Back to basics.
= What are your real needs?
= What kind of comfort meets your lifestyle?
= How much your budget can buy?
= And frequency… Haaahh!! Frequency! Which one is THE good frequency?
= Why everyone out there swears only by “its” frequency, and why their frequencies are all different?
How many questions for a so “simple device”!
Here are some points to consider. Don't take them as definitive. Think about it, and make yourself an
opinion. Then act, compare the results and start again...
1_ Quality of the material : If you had to put your very and only life in one device you don’t know well, will
you trust Mr JoBlow assembling the device in a corner of a kitchen table, will you trust your brother-in-law’s friend
studying electronic, or an experienced professional, with 25 years of experience, using proven technology?
Easy to answer… Unless…. You are looking for the cheapest way to die (:-)
2_ Warranty : No one will give you any serious warranty of the "medical" effectiveness of a zapper. IT IS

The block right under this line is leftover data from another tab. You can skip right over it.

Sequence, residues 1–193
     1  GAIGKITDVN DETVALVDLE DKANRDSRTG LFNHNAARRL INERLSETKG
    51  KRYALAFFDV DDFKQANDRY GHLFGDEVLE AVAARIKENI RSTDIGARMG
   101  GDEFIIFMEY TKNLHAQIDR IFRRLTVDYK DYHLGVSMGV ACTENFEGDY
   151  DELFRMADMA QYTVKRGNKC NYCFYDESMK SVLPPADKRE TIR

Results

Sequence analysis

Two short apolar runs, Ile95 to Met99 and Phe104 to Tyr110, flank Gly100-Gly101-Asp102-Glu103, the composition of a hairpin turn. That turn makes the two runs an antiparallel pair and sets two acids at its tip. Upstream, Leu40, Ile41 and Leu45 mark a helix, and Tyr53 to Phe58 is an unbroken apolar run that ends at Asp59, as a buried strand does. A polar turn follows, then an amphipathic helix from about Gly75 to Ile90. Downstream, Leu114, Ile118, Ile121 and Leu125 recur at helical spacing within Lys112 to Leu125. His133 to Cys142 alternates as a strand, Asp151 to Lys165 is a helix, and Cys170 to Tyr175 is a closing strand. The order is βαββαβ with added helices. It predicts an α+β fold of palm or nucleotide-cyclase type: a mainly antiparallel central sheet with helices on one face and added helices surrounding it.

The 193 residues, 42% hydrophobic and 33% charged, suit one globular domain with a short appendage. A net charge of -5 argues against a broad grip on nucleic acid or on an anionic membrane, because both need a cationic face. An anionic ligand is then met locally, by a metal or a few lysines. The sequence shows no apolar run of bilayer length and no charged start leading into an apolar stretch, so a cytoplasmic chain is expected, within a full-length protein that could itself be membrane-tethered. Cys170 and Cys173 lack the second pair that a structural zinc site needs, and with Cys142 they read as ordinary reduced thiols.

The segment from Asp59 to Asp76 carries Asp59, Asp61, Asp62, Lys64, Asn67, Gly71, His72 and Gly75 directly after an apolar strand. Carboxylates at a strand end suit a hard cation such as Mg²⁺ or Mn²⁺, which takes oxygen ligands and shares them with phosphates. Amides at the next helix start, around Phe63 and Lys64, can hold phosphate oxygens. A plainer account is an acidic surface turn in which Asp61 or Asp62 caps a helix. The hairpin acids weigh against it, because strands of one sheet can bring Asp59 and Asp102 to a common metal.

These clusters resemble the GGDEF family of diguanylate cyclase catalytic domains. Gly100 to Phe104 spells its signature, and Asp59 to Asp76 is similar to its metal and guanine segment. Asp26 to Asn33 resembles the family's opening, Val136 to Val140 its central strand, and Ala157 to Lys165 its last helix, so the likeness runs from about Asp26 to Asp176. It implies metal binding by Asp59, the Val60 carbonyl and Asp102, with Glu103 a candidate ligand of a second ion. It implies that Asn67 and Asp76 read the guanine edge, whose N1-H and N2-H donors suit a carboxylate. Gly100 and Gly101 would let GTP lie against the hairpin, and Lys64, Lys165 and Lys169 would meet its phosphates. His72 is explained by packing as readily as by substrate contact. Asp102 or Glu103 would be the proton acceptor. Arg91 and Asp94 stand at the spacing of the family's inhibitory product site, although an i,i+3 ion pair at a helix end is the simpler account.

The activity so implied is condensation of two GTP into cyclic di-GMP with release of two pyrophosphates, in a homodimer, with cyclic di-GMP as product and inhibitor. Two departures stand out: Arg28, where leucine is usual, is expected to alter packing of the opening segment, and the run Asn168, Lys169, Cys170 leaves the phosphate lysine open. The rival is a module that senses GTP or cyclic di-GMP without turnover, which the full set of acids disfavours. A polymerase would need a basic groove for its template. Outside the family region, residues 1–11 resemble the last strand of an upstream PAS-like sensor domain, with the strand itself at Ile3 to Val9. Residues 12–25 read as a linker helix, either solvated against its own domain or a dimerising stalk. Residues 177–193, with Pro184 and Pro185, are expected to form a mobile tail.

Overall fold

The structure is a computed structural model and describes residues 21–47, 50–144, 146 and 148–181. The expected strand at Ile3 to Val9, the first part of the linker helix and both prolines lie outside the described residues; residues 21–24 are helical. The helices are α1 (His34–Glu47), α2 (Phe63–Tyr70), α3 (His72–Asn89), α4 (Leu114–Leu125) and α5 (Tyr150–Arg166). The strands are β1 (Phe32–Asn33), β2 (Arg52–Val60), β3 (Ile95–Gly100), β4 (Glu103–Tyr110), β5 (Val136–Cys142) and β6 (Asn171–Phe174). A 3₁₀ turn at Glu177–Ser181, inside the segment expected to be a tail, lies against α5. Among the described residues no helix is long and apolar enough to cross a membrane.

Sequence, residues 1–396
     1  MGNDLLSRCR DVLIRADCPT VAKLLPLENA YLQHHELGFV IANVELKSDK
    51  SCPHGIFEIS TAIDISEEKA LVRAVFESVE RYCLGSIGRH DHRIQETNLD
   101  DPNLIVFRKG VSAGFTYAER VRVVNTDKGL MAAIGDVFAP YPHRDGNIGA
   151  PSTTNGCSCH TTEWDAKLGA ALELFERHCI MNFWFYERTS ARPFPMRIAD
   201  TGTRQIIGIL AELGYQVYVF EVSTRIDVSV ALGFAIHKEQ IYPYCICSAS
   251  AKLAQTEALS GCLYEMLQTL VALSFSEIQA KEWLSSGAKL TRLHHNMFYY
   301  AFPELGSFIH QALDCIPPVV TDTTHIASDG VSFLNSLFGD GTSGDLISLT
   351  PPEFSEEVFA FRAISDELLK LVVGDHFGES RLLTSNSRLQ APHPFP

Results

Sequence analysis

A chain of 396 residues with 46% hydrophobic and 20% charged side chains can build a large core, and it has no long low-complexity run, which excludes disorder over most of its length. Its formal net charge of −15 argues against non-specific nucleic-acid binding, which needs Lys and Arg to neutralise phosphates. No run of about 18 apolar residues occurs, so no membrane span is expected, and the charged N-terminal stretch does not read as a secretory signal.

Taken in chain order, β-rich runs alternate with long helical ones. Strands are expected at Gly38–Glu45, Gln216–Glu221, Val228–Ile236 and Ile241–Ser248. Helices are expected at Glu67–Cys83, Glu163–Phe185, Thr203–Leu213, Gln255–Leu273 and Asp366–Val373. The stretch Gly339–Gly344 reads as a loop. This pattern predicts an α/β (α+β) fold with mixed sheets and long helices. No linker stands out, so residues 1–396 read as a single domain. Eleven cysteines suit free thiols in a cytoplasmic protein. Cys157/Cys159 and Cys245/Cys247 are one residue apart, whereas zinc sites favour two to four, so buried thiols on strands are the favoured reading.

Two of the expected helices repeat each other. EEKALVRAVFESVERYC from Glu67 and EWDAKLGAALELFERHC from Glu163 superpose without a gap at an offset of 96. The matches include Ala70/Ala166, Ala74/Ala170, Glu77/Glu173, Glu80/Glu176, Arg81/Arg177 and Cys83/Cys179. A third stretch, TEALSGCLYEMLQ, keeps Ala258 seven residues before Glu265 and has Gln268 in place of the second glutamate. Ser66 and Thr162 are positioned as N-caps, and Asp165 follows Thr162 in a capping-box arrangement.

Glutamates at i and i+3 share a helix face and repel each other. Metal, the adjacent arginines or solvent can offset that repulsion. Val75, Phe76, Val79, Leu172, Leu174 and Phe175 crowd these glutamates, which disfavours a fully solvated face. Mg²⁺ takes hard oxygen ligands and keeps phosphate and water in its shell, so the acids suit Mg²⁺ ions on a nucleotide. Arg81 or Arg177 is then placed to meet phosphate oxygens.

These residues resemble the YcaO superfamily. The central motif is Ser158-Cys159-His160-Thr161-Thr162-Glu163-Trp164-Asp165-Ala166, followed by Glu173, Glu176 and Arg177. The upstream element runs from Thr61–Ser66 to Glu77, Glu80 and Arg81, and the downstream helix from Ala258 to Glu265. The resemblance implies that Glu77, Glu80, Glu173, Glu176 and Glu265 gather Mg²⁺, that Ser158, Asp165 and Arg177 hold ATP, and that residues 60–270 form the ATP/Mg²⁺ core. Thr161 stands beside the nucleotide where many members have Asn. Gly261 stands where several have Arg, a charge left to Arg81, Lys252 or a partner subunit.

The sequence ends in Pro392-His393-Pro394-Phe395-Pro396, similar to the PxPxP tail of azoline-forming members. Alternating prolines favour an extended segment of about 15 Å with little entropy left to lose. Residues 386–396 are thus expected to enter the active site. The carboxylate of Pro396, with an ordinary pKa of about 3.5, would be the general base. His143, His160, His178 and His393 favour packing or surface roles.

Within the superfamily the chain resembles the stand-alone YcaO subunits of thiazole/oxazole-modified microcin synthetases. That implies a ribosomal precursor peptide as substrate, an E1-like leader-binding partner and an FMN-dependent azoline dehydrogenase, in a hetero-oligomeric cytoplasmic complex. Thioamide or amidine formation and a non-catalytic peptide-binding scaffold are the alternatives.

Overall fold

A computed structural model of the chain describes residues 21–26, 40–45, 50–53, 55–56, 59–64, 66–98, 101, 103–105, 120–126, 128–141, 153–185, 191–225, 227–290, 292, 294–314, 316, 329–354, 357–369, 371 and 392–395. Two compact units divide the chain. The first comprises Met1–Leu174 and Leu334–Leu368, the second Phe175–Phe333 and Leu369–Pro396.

AGAINST THE LAW. Only Medical Doctors can , by law, diagnostic, cure or treat illness.
And even doctors will not give you any warranty...
We, zapper users, can only experiment on ourselves. Period.
The only warranty a zapper’s manufacturer can give you are :
= The compliance with their technical specs (when they have any...). Very few manufacturers gives specs of
their device, some times because they don't know the performance of their zapper, some times because they
know too well their (low) performance.
Most of the times they prefer to convince you they are "THE BEST" but don't want to suffer from comparison...
= A warranty against possible manufacturing flaws. A good standard is 1 year. (In electronic, without moving